After dinner, I returned to the train and made my way back to Notre Dame, which was the landmark closest to my youth hostel. Shakespeare and Company was right across the road from the iconic cathedral. My room at the hostel was shared with five other people. We basically used it as a place to sleep so I never got to know them. I spent most of my days hanging out at the bookstore with Johnny and the other people that I had met. Despite the racist old man’s rejection of me I made it a point to be present. I had short pleasant talks with his daughter about life in Paris and the bookstore. I goofed around with Johnny and the other residents. At night we all got together and walked along the Sene with our bottles of wine. People were always there playing instruments, smoking weed, drinking, and having some sort of party. We've sat in on a few jam sessions and enjoyed the night. It seemed like every few 100 meters or so we'd pick up a new friend.
The bookstore was having a poetry reading session in a few days. That is why I had traveled to Paris. The man who was in charge of the session was a tall, pale British man. When I asked him if I could participate , he gave me the same up and down stare that George had given me the day before. He then preceded to make a litany of excuses as to why I would be unsuited for the poetry session. It was plain see that he and George were from the same era and that they shared a certain allergic reaction to people who looked like me. Although I was disheartened, I certainly wasn't ready to give up. It would be a few more days before the poetry event. I spent the time having adventures with Johnny and the other residents. We visited the Sene and ate baguettes along the River. We almost got into a fistfight with the homeless who often came to harass Sylvia. And we met many travelers who came by the shop to hang out with us and have a chat. George even let a few new people stay in the bookstore. Of course, all of them were white and none of them were poets.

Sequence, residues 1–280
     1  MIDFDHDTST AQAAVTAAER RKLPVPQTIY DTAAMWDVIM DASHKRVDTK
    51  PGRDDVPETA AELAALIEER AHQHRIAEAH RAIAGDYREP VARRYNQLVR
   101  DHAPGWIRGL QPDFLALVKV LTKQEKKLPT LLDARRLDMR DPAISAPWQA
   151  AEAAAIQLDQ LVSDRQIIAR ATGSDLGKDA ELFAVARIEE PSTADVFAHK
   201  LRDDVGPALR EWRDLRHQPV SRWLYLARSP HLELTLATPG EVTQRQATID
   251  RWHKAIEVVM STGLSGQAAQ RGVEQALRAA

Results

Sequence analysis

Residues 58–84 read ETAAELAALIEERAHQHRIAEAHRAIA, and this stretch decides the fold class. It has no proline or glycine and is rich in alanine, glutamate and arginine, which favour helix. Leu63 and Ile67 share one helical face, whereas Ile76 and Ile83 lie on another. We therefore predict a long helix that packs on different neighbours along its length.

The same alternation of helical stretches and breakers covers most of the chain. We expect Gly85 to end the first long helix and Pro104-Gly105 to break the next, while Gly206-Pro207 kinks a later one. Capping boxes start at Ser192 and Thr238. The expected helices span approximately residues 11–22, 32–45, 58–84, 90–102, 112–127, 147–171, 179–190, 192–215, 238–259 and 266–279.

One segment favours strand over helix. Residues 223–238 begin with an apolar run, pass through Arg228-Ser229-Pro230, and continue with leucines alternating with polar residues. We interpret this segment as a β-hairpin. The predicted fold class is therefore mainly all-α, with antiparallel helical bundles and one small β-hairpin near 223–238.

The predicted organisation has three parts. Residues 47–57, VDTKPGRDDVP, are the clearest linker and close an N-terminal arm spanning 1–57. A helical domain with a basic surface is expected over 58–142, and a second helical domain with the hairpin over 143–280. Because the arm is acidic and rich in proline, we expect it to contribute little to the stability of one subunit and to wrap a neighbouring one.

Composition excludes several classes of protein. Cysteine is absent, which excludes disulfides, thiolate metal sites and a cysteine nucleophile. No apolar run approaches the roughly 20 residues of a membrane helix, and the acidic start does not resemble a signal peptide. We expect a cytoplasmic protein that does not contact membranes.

On the day of the poetry event, I saw the organizer. He looked at me very mockingly and said in front of the entire room,“I see you are here today. It's such a shame that you did not bring any papers with you, otherwise I might have let you read.” His accent was high posh and dainty, as if he was born of British nobility. I knew he had only made that statemeant because he saw I was empty handed. He wanted to seem fair and unbiased to the many people who were packed into the bookstore. Unfortunately for him, his comment backfired. I had several poems memorized and was ready to go. I quickly stood up and said,“ I don't need papers I have mine in my head. If you don't mind I'd like to do one now.” The shriveled old man stammer and tried to stop me, but the crowd started to applaud. There was no going back. To save face, he had to honor his own words and allow me to continue. I delivered my poem with the usual affliction of stage fright. My hands and legs were shaking with my voice as I called down my power from the heavens and bellowed forth my verse. When it was over, everyone in the room stood up and gave a loud round of applause. The old shriveled man looked surprised. He did not expect me to deliver the goods. He might have even said something if he wasn't already chewing on shoe leather.